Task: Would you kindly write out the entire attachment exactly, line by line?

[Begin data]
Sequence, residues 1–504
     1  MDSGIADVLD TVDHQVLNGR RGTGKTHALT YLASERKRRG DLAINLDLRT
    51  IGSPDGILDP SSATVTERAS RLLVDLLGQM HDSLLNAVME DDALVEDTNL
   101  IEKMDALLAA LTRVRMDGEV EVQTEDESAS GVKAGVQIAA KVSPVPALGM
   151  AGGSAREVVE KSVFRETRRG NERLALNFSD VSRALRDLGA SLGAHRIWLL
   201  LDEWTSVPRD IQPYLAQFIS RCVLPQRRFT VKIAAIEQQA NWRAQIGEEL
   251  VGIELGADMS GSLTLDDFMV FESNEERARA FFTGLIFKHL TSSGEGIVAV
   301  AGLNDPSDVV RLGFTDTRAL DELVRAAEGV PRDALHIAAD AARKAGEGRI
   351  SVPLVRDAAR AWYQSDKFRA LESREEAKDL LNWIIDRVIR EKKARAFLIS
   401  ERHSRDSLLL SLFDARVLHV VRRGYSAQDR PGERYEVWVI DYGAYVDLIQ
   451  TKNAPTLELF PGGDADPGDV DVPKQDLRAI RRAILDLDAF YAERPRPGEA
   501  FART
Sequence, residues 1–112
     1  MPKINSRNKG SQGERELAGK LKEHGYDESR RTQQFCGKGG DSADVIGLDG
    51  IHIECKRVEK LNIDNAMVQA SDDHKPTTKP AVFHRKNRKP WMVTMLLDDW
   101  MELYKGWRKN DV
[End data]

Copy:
Sequence, residues 1–504
     1  MDSGIADVLD TVDHQVLNGR RGTGKTHALT YLASERKRRG DLAINLDLRT
    51  IGSPDGILDP SSATVTERAS RLLVDLLGQM HDSLLNAVME DDALVEDTNL
   101  IEKMDALLAA LTRVRMDGEV EVQTEDESAS GVKAGVQIAA KVSPVPALGM
   151  AGGSAREVVE KSVFRETRRG NERLALNFSD VSRALRDLGA SLGAHRIWLL
   201  LDEWTSVPRD IQPYLAQFIS RCVLPQRRFT VKIAAIEQQA NWRAQIGEEL
   251  VGIELGADMS GSLTLDDFMV FESNEERARA FFTGLIFKHL TSSGEGIVAV
   301  AGLNDPSDVV RLGFTDTRAL DELVRAAEGV PRDALHIAAD AARKAGEGRI
   351  SVPLVRDAAR AWYQSDKFRA LESREEAKDL LNWIIDRVIR EKKARAFLIS
   401  ERHSRDSLLL SLFDARVLHV VRRGYSAQDR PGERYEVWVI DYGAYVDLIQ
   451  TKNAPTLELF PGGDADPGDV DVPKQDLRAI RRAILDLDAF YAERPRPGEA
   501  FART
Sequence, residues 1–112
     1  MPKINSRNKG SQGERELAGK LKEHGYDESR RTQQFCGKGG DSADVIGLDG
    51  IHIECKRVEK LNIDNAMVQA SDDHKPTTKP AVFHRKNRKP WMVTMLLDDW
   101  MELYKGWRKN DV